Advanced Search
MyIDEAS: Login

The influence of privatization on occupational wages

Contents:

Author Info

  • James Peoples

    ()
    (The University of Wisconsin-Milwaukee)

  • Bin Wang

    ()
    (St. Edward''s University)

Registered author(s):

    Abstract

    This paper uses individual worker and municipal information to examine privatization's influence on the wages of thirteen occupations. Findings reveal that the group of relatively low-skill content occupations comprising bus drivers and construction laborers receive a wage premium in the absence of privatization, and privatization is associated with an erosion of this premium. In contrast, the group of relatively high-skill content occupations comprising physicians and lawyers receive a non-trivial public sector discount in the absence of privatization and only the wage differential of physicians erodes with increased privatization. However, physician's public sector discount does not erode when estimating privatization's influence on this occupation's weekly earnings.

    Download Info

    If you experience problems downloading a file, check if you have the proper application to view it first. In case of further problems read the IDEAS help page. Note that these files are not on the IDEAS site. Please be patient as the files may be large.
    File URL: http://www.accessecon.com/Pubs/EB/2009/Volume29/EB-09-V29-I3-P42.pdf
    Download Restriction: no

    Bibliographic Info

    Article provided by AccessEcon in its journal Economics Bulletin.

    Volume (Year): 29 (2009)
    Issue (Month): 3 ()
    Pages: 1940-1946

    as in new window
    Handle: RePEc:ebl:ecbull:eb-09-00238

    Contact details of provider:

    Related research

    Keywords: privatization; occupational wage; wage differential;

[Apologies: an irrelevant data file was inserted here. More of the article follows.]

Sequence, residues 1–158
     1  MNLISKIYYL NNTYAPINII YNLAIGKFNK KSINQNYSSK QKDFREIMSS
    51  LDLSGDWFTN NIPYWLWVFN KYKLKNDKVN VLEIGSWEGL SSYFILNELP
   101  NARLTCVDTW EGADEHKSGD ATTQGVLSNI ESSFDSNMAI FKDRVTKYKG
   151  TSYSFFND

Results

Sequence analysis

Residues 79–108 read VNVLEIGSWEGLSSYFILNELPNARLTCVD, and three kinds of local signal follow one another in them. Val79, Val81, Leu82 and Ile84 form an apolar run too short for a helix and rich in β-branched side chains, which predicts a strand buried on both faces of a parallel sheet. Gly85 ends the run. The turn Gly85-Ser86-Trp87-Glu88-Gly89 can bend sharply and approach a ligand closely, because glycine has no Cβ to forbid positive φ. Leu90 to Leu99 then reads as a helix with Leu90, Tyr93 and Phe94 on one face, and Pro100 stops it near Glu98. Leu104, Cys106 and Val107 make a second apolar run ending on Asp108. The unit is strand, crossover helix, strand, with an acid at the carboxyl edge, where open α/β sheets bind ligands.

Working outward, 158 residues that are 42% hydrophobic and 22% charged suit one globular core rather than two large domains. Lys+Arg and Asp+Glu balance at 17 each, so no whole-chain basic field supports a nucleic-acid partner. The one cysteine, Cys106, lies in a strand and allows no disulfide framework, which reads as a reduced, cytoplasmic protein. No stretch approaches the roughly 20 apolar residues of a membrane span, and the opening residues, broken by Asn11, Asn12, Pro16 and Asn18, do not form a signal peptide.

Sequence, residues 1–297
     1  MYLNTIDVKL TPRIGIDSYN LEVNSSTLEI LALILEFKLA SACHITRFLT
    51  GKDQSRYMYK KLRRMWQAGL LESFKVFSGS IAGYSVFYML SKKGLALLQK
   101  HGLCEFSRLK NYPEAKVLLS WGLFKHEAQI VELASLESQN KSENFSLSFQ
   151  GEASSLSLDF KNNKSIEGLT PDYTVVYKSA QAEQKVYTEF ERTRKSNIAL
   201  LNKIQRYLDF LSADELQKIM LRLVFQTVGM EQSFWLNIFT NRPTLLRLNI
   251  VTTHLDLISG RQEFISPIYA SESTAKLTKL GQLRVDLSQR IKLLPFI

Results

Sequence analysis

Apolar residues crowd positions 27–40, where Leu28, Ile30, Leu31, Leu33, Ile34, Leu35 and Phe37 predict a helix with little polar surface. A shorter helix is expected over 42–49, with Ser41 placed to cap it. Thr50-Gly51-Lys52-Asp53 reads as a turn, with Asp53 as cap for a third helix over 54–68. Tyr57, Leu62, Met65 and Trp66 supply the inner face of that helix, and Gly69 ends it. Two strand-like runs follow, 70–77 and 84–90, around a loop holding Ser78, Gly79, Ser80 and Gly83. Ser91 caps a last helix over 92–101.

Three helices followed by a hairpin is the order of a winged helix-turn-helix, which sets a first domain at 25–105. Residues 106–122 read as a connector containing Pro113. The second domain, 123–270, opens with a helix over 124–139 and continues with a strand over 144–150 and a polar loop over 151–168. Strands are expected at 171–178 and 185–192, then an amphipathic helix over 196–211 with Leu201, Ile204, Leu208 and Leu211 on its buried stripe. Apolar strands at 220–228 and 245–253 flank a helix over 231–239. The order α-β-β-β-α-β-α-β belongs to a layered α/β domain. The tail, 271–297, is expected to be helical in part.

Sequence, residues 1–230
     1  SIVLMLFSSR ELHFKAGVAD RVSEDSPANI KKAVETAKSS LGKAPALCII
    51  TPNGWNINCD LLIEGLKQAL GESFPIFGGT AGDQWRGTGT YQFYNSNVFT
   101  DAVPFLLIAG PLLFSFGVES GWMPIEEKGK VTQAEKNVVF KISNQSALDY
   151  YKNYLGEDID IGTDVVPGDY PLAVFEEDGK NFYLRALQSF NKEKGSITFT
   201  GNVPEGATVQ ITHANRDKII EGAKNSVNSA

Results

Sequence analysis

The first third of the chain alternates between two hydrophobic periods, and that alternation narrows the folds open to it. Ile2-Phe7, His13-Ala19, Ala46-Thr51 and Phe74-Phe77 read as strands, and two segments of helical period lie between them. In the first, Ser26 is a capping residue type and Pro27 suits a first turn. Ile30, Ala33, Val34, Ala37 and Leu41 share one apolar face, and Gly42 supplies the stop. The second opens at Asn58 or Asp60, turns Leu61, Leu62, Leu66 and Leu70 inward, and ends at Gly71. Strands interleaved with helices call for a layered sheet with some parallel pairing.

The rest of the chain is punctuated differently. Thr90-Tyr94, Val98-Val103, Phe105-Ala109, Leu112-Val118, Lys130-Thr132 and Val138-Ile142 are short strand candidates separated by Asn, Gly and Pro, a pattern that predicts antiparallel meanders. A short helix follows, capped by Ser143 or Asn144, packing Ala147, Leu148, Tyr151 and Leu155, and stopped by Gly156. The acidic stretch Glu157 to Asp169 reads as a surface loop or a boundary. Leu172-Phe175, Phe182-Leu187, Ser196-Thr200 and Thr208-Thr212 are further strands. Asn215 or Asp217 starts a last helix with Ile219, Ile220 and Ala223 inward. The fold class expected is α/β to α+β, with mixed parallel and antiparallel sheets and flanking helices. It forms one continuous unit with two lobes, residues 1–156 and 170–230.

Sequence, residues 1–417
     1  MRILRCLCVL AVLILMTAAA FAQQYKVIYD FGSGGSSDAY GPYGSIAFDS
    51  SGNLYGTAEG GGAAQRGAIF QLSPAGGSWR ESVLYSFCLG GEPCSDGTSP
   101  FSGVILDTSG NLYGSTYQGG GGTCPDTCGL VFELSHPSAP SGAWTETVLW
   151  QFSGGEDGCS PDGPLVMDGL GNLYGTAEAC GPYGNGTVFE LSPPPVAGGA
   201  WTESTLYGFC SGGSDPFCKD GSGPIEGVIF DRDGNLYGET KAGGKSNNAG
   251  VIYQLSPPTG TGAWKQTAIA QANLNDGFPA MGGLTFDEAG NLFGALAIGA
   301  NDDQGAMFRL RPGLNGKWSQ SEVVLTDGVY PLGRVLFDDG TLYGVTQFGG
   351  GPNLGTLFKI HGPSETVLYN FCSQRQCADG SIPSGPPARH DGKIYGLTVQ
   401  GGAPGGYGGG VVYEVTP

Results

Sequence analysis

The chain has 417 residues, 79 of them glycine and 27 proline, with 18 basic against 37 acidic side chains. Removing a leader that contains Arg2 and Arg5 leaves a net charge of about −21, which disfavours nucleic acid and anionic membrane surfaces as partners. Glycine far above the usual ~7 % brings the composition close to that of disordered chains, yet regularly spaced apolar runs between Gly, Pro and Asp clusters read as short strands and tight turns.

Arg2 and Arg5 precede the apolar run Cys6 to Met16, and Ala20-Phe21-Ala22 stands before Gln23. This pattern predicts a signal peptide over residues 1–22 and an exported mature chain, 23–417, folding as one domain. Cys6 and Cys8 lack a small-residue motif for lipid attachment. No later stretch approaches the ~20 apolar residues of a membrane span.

Find related papers by JEL classification:

    References

    References listed on IDEAS
    Please report citation or reference errors to , or , if you are the registered author of the cited work, log in to your RePEc Author Service profile, click on "citations" and make appropriate adjustments.:
    as in new window
    1. Gary A. Hoover & James Peoples, 2003. "Privatization of Refuse Removal and Labor Costs ," Journal of Labor Research, Transaction Publishers, vol. 24(2), pages 294-305, April.
    2. Bender, Keith A, 1998. " The Central Government-Private Sector Wage Differential," Journal of Economic Surveys, Wiley Blackwell, vol. 12(2), pages 177-220, April.
    3. Keith A. Bender, 2003. "Examining Equality between Public- and Private-Sector Wage Distributions," Economic Inquiry, Western Economic Association International, vol. 41(1), pages 62-79, January.
    4. Peoples, James & Talley, Wayne K. & Wang, Bin, 2008. "U.S. public transit earnings, employment and privatization," Research in Transportation Economics, Elsevier, vol. 23(1), pages 99-106, January.
    Full references (including those not matched with items on IDEAS)

    Citations

    Lists

    This item is not listed on Wikipedia, on a reading list or among the top items on IDEAS.

    Statistics

    Access and download statistics

    Corrections

    When requesting a correction, please mention this item's handle: RePEc:ebl:ecbull:eb-09-00238. See general information about how to correct material in RePEc.

    For technical questions regarding this item, or to correct its authors, title, abstract, bibliographic or download information, contact: (John P. Conley).

    If you have authored this item and are not yet registered with RePEc, we encourage you to do it here. This allows to link your profile to this item. It also allows you to accept potential citations to this item that we are uncertain about.

    If references are entirely missing, you can add them using this form.

    If the full references list an item that is present in RePEc, but the system did not link to it, you can help with this form.

    If you know of missing items citing this one, you can help us creating those links by adding the relevant references in the same way as above, for each refering item. If you are a registered author of this item, you may also want to check the "citations" tab in your profile, as there may be some citations waiting for confirmation.

    Please note that corrections may take a couple of weeks to filter through the various RePEc services.